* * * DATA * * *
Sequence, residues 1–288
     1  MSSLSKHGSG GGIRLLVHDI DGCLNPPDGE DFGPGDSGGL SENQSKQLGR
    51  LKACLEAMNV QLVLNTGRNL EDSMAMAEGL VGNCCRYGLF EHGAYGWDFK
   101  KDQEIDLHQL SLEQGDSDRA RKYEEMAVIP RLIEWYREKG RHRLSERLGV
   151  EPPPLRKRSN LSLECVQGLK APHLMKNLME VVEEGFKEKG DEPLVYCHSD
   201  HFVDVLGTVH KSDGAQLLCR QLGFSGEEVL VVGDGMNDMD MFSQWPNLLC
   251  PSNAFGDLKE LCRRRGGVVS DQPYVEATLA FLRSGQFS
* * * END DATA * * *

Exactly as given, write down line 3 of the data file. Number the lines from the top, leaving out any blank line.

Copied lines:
    51  LKACLEAMNV QLVLNTGRNL EDSMAMAEGL VGNCCRYGLF EHGAYGWDFK